Not to mention the Big Fat Summer Party, our combined birthday party, which I’d been planning for months. This involved: around 60 of my favourite grown-ups and children chillaxing in our garden on picnic blankets; a gorgeous hot day; a gazebo;  great tunes; groaning tables of yummy food and cold beverages; a bouncy castle; a face painter; children’s entertainers and ‘movie time’ for the kids with popcorn, so the adults had plenty of child-free time. That took some organising, and although I’m glad I was hosting because it was all exactly how I wanted it (control freakery), I would have liked to have been able to hang out with everyone too.

And between all of this was a big work project, DS finishing pre-school, a trip to London with DD and her best friend to see the Royal Academy Summer Exhibition and eat ice cream on a lion in Trafalgar Square, and a week of one-to-one swimming lessons. Almost zero time to myself, to catch my breath. I thought there would be more time for just doing bugger all and more laid-back playdates with old friends this summer, but it’s amazing how quickly you can fill up six weeks of ‘free’ time.

We finished the summer with a week in the Cotswolds, staying in one of the stunning modern glass-backed houses set around lakes at Lower Mill Estate. Best friends in another house round the corner, lots of swimming in the indoor pool, spa treatments, kids scooting around in safety, days out in beautiful countryside (loved Bourton-on-the-Water, which was NOT anything like Venice, as advertised, but did have a great model village which featured itself many times over, getting smaller and smaller, like something from Borges). The week also notably featured too many heavily-salted prawn cocktail snacks, and an awful lot of wine. Us five adults basically pickled ourselves for a week in sauvignon blanc and malbec. It was our 12 year anniversary while we were there and we went out for supper a deux, though we managed to have a couple of blazing drunken rows during the week. And towards the last day of the holidays all the twinges and anxiety I had back in June and July reappeared. Too much wine, too little quality sleep, too much going on, too much emotional turmoil. It is possible to have too much fun, it transpires.

Crazy kids at Bourton-on-the-Water. Not Venice.

So I have Taken Action. Plan Pinchy is thus: Sobriety, Sleep, School. I am on day 5 with no alcohol and committing to a Dry September. (I KNOW! Totally unlike me. I hope that didn’t make you spit your tea out.) It’s the first time for months that I’ve gone for more than a day without a nice glass of something but, weirdly, am not missing it at all. So far. I’ve been taking all my supplements, including the powerful anti-cancer ones: carotenoids, Indole-3 carbinol, turmeric. I have a kinesiology appointment coming up, and a session with my health creation mentor. I am going for a walk every night, chanting affirmations like the mad crazy-haired middle-aged woman I am. I am trying to go to bed early, though I am still having difficulty getting to sleep, staying asleep, and waking up in the morning. Nytol doesn’t help: I am like sodding Rasputin, nothing knocks me out.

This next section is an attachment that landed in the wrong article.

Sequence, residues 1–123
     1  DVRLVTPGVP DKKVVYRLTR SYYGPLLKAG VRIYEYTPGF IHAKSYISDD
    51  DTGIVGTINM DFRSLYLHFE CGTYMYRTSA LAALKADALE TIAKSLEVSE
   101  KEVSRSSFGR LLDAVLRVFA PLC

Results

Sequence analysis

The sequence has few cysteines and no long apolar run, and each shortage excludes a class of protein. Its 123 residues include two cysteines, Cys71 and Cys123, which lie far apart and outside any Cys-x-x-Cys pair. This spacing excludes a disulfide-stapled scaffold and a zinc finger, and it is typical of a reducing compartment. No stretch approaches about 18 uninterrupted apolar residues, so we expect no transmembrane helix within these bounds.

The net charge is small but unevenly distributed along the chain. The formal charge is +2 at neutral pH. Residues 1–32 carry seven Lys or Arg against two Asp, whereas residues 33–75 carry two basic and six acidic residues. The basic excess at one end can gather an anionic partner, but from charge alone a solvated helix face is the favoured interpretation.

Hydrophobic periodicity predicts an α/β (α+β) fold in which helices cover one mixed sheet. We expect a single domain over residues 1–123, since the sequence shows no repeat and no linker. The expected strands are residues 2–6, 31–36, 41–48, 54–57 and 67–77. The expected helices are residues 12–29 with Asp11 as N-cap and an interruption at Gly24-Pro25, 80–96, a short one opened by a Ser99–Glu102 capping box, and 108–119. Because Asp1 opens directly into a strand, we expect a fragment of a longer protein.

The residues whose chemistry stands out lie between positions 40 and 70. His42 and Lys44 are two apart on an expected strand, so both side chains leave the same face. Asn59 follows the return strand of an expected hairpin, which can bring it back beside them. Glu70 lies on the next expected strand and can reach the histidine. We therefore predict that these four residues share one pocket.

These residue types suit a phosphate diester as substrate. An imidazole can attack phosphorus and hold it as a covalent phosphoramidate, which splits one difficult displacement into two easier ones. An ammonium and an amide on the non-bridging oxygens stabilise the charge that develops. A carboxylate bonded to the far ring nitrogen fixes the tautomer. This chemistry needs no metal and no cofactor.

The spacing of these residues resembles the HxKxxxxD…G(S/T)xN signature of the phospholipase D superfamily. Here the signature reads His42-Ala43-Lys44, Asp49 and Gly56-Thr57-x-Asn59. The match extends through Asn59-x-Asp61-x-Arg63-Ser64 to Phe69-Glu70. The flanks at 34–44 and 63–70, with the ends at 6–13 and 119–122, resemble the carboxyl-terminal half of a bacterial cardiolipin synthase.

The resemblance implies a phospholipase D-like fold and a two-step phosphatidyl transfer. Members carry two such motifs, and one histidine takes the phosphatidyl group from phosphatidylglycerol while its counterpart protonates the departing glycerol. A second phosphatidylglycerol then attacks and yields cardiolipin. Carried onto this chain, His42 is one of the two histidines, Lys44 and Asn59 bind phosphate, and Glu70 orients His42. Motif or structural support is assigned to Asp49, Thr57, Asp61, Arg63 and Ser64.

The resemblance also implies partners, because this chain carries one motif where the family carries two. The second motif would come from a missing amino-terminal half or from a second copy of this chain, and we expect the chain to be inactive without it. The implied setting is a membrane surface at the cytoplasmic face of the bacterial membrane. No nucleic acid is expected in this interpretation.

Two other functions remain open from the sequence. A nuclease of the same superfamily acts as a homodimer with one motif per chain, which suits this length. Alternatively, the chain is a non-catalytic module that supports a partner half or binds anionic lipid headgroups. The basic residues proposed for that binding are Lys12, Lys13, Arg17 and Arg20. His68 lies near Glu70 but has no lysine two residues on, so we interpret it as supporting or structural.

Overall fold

Tomorrow DS starts school (of which more very soon), DD goes up to Year 2, and I get back to editing in silence at my desk overlooking my monkey puzzle tree. And at the end of next week, if I don’t have more energy, less discomfort, smaller bags under my eyes and a bigger smile on my face, hi-ho, hi-ho, it’s off to the GP I go. Holding DH’s big old paw very tightly.

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8 comments

  1. I should add that I was motivated to finally write about DH after Linda Aitchison’s moving posts about finding and losing the man she loved to cancer. They made me appreciate how lucky I am to have Andrew, and gave me some insight into what a tough time he’s had over the past couple of years while I’ve been in my ‘cancer bubble’.

  2. You have made me cry, as did Linda’s posts about Neil. He sounds like a keeper that man of yours. I understand about the terror of every pain being a return of the cancer and I can assure you that I have never been laughed out of the GP’s and been totally taken seriously at the hospital too. Summer sounds like it has been fun, family and friend filled and that lots of memories have been made. Perfect.

  3. What a beautiful post about your special man. I see your status posts coming up on Facebook and it always makes me happy to see how well you are doing (just been admiring your new patio today!). Having a rock of a husband is very important to me too, 22 years of marriage now and he means the world to me.

    Love Bourton-on-the-Water but, you’re right, it’s nothing like Venice.